TNR and Colony Care Workshop
Iowa City Animal Care and Adoption Center — Saturday, March 7 at 10 a.m.
If all goes according to plan, Iowa City residents will soon start seeing fewer stray cats wandering their neighborhoods, and the cats they do see will have a tipped ear.
The Iowa City Council passed a trap-neuter-return (TNR) ordinance in August, allowing the community to trap feral cats, drop them off at a local shelter or clinic to be spayed or neutered (and the tip removed from one ear, signaling they’ve been fixed), and then return the cats where they were found. A version of TNR has been adopted in hundreds of cities across the country, including North Liberty, in an effort to control the stray cat population and reduce the need to euthanize cats.
In 2018, the Iowa City Animal Care and Adoption Center euthanized 96 feral cats, according to center director Chris Whitmore. The shelter doesn’t euthanize healthy cats with a chance of being adopted — only those so accustomed to life in the wild that they would not thrive in an indoor environment and/or with human companions. While some feral cats brought into a shelter can be relocated to farms, this isn’t always the most practical solution.
“We want people to trap-neuter-return the cats where the cats know where their resources are,” Whitmore said in an email to Little Village. “Trap neuter return just means that cat goes back to their home and not released where the cat would not know where the shelter, food and water are. In the past, people used to trap and try to take them to a farm and had limited success with the cats staying on the property.”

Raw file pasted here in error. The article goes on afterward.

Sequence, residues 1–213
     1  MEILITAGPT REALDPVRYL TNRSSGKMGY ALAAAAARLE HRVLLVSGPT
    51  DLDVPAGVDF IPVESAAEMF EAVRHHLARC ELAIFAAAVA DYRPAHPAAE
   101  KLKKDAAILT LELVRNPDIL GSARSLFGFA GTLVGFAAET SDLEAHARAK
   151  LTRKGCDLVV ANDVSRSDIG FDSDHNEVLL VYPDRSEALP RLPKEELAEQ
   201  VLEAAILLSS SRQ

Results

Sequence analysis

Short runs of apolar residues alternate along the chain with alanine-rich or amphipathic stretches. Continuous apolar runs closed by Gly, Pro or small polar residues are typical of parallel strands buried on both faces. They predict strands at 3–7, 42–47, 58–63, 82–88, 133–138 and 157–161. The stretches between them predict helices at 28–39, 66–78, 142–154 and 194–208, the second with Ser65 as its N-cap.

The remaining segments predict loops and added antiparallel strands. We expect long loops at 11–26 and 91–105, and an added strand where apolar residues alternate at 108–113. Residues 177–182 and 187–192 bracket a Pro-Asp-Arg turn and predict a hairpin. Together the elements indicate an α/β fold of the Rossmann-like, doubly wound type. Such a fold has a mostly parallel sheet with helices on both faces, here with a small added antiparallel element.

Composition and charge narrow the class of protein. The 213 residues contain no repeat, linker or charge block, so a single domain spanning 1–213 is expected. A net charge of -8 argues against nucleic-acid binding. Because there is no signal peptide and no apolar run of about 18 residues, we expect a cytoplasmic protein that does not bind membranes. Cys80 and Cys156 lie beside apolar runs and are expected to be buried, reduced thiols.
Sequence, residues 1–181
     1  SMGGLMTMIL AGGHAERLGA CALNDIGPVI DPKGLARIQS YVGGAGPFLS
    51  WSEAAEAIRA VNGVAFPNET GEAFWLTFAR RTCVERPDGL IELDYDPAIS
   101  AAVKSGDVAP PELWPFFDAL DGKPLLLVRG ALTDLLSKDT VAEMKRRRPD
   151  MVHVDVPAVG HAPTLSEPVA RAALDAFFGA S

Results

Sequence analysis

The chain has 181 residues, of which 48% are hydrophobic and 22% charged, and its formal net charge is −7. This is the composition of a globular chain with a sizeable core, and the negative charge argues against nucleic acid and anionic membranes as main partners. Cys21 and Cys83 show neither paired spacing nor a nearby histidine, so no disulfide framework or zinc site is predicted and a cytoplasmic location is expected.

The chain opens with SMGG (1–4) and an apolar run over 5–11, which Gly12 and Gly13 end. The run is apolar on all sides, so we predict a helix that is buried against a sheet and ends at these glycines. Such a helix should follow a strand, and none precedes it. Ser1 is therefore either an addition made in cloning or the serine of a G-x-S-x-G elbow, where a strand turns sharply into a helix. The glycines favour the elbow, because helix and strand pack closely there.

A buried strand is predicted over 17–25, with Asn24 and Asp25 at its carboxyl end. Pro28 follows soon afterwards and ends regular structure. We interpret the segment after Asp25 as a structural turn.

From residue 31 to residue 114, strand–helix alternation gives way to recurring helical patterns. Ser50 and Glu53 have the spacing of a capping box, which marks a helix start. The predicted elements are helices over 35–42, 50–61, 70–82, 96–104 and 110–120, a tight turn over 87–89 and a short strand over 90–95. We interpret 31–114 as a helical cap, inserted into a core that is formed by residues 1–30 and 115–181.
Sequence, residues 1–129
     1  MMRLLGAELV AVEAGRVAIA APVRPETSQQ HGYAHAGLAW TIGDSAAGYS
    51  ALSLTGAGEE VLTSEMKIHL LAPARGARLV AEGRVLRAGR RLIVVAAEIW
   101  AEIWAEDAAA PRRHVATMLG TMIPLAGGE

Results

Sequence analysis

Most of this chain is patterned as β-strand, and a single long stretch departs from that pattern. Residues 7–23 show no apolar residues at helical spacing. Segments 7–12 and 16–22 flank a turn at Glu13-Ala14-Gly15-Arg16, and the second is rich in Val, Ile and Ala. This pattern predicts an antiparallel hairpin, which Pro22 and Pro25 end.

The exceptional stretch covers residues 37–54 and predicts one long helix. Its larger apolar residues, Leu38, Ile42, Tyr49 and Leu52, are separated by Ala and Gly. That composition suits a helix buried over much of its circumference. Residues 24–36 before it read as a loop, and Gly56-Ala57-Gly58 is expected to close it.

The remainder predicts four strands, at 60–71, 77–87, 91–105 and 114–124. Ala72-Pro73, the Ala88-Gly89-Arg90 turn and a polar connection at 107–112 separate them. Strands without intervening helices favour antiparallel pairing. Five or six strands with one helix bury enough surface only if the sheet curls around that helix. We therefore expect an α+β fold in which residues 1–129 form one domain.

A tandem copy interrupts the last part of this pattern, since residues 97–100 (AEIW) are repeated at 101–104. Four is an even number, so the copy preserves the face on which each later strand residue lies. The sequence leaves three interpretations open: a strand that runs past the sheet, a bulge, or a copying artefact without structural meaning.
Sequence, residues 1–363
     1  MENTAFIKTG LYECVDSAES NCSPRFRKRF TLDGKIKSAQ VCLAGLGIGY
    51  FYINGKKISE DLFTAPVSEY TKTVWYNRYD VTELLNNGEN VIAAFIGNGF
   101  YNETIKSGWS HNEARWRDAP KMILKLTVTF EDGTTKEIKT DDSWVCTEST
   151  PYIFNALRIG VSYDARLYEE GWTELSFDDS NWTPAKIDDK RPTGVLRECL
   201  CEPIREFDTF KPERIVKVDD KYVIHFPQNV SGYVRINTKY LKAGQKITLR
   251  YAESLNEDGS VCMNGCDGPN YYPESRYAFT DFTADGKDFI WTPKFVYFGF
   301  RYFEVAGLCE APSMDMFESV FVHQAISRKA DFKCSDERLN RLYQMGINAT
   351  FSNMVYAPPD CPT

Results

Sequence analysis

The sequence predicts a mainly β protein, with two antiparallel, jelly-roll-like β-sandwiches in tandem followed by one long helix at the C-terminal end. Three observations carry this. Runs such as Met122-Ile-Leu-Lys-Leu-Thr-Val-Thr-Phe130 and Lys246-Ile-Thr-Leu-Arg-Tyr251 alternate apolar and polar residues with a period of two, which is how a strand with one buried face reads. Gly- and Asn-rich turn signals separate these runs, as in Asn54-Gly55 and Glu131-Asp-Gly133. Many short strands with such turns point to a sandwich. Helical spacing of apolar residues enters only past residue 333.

Every spay can have a massive impact on the feral cat population: female cats in their prime have at least two litters a year, averaging around four healthy kittens. Within a year, the offspring and their offspring, and so on, can lead to the birth of thousands of cats. These cats compete for resources and can be a nuisance in neighborhoods.
Iowa City residents can have cats spayed or neutered for free through the Florence Unash Program. (Unash made a donation upon her death to subsidize the spaying and neutering of dogs and cats locally.)
While Whitmore said TNR hasn’t had a perceptible impact on the local cat population in its first six months, “kitten season” — a period of time between April and October, roughly, when unaltered feral cats tend to breed the most — is a key time to trap-neuter-return.
“This spring should be a real test for this,” she said.
Community members hoping to learn more about the TNR program are invited to a workshop hosted by the Iowa Humane Alliance (IHA) Saturday from 10 a.m. to noon at the Iowa City Animal Center, 3910 Napoleon Ln. The event is free and open to the public.
“IHA’s Community Cat Team will provide a fun and informative Trap-Neuter-Return (TNR) and Colony Care Workshop in order to provide citizens the resources to become part of the solution to the cat over-population crisis,” IHA said in a press release.
The nonprofit’s clinic provided more than 3,000 spay/neuter surgeries, rabies vaccines and ear-tips for community cats in 2019, they reported. IHA advocated for the TNR program in Iowa City.
“Community cats will be healthier after TNR, residents won’t have as many cats to be concerned about, and shelters will see a decrease in kittens needing their services,” IHA wrote. “Help us stop ‘kitten season’ in its tracks!”